The clinical presentation of COVID-19 in our cohort did not differ from non-transplant patients or other solid organ transplant recipients, and this was depicted in other reports from immunosuppressed patients likewise [12, 13, 15,16,17,18]. Typical symptoms in this study included dyspnea (85.7%), cough (76.2%), and myalgia/fatigue (76.2%), followed by rhinitis (66.7%) and fever (66.7%). Of note, only one patient (4.8%) had reported anosmia or loss of taste which has been described as an early sign of COVID-19 . A specific treatment for COVID-19 remains unavailable; therefore, the initial clinical management is based on supportive care (antibiotic therapy, oxygen supply and supportive measures including intensive medical care, if needed). Pausing of mycophenolate mofetil as recommended in the “Guidance for Cardiothoracic Transplant and Ventricular Assist Device Centers regarding the SARS CoV-2 pandemic by the International Society of Heart and Lung Transplantation (ISHLT)” and switch from sirolimus to tacrolimus are further options in heart transplant recipients due to the specific pharmacological properties of mycophenolate mofetil and sirolimus  and these strategies were applied in the majority of patients. However, due to the small sample size of our study, effects of differential immunosuppressive and other therapeutic strategies cannot be judged and require further investigations in a larger cohort.
Noteworthy, we observed RV dysfunction, elevated pulmonary artery pressures, and tricuspid valve regurgitation particular in patients with severe course and high mortality. We can only speculate whether this just reflects the invasive mechanical ventilation in these patients or if these observations are a result of potential thromboembolic complications induced by COVID-19 as proposed by others [39, 40].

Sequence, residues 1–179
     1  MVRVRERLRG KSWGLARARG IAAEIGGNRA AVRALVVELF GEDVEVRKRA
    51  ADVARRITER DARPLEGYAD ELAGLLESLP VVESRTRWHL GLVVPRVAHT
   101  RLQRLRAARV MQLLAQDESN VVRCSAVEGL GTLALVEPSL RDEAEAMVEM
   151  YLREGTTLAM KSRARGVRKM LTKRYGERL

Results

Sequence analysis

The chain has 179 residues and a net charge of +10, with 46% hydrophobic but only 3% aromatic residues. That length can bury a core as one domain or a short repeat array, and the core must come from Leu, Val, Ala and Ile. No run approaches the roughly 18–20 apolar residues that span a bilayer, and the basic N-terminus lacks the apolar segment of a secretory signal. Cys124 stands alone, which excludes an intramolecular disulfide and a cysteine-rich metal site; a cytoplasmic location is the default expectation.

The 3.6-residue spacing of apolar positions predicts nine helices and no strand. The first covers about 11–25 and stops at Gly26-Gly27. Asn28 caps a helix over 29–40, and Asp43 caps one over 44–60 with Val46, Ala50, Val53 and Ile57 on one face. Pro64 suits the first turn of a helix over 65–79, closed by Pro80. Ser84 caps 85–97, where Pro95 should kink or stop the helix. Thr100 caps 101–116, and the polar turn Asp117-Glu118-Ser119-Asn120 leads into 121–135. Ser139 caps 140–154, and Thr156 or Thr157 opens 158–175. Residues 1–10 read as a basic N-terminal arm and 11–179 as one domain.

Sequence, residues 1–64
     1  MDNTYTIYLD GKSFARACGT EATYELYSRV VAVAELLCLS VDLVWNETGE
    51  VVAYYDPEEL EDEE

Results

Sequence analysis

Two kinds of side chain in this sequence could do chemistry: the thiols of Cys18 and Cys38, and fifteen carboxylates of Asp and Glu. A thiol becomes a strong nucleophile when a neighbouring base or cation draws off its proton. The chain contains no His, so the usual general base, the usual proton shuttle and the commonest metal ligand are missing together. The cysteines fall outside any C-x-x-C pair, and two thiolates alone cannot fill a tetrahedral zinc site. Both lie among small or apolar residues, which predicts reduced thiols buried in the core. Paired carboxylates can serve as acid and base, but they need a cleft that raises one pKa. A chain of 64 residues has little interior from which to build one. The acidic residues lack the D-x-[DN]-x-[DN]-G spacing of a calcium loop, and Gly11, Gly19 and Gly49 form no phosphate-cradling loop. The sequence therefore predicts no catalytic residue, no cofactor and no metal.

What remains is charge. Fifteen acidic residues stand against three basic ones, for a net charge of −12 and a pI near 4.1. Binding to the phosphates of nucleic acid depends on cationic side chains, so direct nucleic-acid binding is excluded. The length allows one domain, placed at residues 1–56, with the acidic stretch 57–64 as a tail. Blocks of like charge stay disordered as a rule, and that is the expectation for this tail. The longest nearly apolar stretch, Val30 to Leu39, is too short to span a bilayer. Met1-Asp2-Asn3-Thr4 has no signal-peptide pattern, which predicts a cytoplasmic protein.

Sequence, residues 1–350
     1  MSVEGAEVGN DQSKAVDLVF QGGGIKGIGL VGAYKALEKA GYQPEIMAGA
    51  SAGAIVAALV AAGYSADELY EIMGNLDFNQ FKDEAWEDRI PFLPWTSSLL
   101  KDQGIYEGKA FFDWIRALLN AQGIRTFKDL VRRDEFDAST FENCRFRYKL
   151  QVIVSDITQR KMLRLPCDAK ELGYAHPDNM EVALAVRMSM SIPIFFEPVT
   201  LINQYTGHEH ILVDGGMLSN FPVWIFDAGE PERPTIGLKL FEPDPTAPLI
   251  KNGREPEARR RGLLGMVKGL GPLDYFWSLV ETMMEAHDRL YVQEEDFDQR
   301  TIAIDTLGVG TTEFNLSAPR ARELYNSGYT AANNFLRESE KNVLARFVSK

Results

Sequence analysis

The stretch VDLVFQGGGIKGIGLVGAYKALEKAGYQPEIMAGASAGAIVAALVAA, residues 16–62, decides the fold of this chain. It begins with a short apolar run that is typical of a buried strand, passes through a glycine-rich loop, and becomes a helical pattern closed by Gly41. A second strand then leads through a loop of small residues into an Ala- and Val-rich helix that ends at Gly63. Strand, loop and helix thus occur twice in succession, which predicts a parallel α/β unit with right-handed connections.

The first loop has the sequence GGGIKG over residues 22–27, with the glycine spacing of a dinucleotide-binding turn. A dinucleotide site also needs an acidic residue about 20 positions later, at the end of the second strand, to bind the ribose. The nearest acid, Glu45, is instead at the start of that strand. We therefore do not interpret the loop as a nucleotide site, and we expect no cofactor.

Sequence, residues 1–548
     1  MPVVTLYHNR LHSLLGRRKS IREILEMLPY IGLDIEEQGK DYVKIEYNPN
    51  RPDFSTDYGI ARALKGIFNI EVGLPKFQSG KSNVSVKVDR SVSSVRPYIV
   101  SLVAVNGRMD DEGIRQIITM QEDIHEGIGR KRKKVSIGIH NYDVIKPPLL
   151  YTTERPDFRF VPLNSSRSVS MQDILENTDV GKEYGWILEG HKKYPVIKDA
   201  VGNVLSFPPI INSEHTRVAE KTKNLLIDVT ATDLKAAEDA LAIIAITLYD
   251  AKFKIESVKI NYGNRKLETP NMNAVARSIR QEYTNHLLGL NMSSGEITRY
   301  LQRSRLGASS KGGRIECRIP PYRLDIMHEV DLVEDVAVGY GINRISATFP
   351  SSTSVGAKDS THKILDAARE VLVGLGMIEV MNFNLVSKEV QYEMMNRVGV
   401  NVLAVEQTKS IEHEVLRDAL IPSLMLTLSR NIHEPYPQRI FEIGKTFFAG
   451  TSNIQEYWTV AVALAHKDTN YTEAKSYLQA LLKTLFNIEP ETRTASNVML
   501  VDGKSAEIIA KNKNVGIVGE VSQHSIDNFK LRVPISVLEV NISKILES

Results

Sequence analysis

Several studies have reported a high incidence of thromboembolic complications in patients with COVID-19 [1, 41,42,43]. Patients with COVID-19 and thromboembolic complications tend to be older, have lower lymphocyte counts, and have higher D-dimer levels [41, 43]. Severe course of COVID-19 infection can lead to sepsis and increased release of inflammatory cytokines which can promote coagulation activation and the occurrence of thromboembolic events . As elevated D-dimer levels are a sign of excessive coagulation activation and hyperfibrinolysis, resulting thromboembolic complications may be associated with a poor prognosis in patients with COVID-19 .
In this study, 4 of 21 patients (19.0%) had new thromboembolic events (2 patients with new deep vein thrombosis and 2 patients with new pulmonary embolism). All four patients had a severe course of COVID-19 and were admitted to the intensive care unit. Therefore, in view of our findings and in accordance with other studies, pharmacological anticoagulation should be considered in patients with COVID-19 infection, especially in patients with severe course on the intensive care unit [1, 41,42,43].
Interestingly, COVID-19 was accompanied with an increase of cardiac biomarkers, high-sensitivity cardiac troponin T and NT-proBNP. All patients demonstrated elevated values, but, a significantly higher level of both biomarkers was found in patients with severe course of COVID-19 requiring invasive mechanical ventilation and consequent high mortality. Impaired outcomes in non-transplant patients with elevated cardiac troponins were shown likewise in early reports from China [28, 44, 45]. Multiple pathomechanisms for this observation were discussed, including an imbalance of oxygen demand and supply, direct myocardial injury by viruses or cytokines, or precipitating plaque rupture and a prothrombotic state leading to myocardial infarction . Similarly, elevated NT-proBNP was linked to adverse outcomes, although postulated cut-offs for elevated risk (88.6 pg/ml in the study by Gao et al. ) were far from the values we found in our patient cohort with a mean of 9426.2 ng/l. However, elevated cardiac biomarkers, arrhythmias, thromboembolic events, and RV dysfunction in patients with severe course of COVID-19 in our study, point to the importance of a careful cardiovascular monitoring of patients after heart transplantation when infected with COVID-19.
The present study was conducted as a multicenter survey of all heart transplant centers in Germany (24 centers). However, although all heart transplant centers provided information regarding COVID-19, some patients might have been treated at community hospitals without the knowledge of the related heart transplant centers. Furthermore, we could only include patients who presented at medical facilities, neglecting patients with mild or subclinical course of COVID-19 who were not diagnosed. Moreover, the small number of patients limits the conclusions that can be drawn from our data.